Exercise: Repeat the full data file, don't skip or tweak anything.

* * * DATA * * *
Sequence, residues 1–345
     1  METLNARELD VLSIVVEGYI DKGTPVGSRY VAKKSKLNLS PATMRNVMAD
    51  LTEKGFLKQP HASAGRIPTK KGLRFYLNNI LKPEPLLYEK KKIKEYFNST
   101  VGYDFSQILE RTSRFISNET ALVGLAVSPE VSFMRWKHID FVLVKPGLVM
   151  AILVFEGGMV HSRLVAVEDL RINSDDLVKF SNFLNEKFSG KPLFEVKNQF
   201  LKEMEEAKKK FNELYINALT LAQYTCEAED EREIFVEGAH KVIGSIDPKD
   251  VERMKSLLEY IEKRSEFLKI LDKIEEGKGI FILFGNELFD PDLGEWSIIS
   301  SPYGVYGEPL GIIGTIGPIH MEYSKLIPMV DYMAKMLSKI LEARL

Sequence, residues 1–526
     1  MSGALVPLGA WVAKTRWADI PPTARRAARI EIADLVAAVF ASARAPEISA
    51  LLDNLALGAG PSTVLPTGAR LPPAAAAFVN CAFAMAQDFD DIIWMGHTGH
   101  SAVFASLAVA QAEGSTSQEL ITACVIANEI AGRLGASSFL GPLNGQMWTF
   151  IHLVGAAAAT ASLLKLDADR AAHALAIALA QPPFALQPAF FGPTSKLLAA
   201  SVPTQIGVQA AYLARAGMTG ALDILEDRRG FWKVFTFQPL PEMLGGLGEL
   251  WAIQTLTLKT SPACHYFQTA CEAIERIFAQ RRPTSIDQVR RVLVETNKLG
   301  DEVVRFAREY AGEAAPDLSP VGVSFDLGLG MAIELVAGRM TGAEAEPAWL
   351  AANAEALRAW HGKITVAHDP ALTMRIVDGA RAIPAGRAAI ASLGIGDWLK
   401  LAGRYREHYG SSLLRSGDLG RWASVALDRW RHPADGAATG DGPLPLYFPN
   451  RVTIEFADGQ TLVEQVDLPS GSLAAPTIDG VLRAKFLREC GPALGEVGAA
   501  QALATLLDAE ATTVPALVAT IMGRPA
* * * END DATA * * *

Sequence, residues 1–345
     1  METLNARELD VLSIVVEGYI DKGTPVGSRY VAKKSKLNLS PATMRNVMAD
    51  LTEKGFLKQP HASAGRIPTK KGLRFYLNNI LKPEPLLYEK KKIKEYFNST
   101  VGYDFSQILE RTSRFISNET ALVGLAVSPE VSFMRWKHID FVLVKPGLVM
   151  AILVFEGGMV HSRLVAVEDL RINSDDLVKF SNFLNEKFSG KPLFEVKNQF
   201  LKEMEEAKKK FNELYINALT LAQYTCEAED EREIFVEGAH KVIGSIDPKD
   251  VERMKSLLEY IEKRSEFLKI LDKIEEGKGI FILFGNELFD PDLGEWSIIS
   301  SPYGVYGEPL GIIGTIGPIH MEYSKLIPMV DYMAKMLSKI LEARL

Sequence, residues 1–526
     1  MSGALVPLGA WVAKTRWADI PPTARRAARI EIADLVAAVF ASARAPEISA
    51  LLDNLALGAG PSTVLPTGAR LPPAAAAFVN CAFAMAQDFD DIIWMGHTGH
   101  SAVFASLAVA QAEGSTSQEL ITACVIANEI AGRLGASSFL GPLNGQMWTF
   151  IHLVGAAAAT ASLLKLDADR AAHALAIALA QPPFALQPAF FGPTSKLLAA
   201  SVPTQIGVQA AYLARAGMTG ALDILEDRRG FWKVFTFQPL PEMLGGLGEL
   251  WAIQTLTLKT SPACHYFQTA CEAIERIFAQ RRPTSIDQVR RVLVETNKLG
   301  DEVVRFAREY AGEAAPDLSP VGVSFDLGLG MAIELVAGRM TGAEAEPAWL
   351  AANAEALRAW HGKITVAHDP ALTMRIVDGA RAIPAGRAAI ASLGIGDWLK
   401  LAGRYREHYG SSLLRSGDLG RWASVALDRW RHPADGAATG DGPLPLYFPN
   451  RVTIEFADGQ TLVEQVDLPS GSLAAPTIDG VLRAKFLREC GPALGEVGAA
   501  QALATLLDAE ATTVPALVAT IMGRPA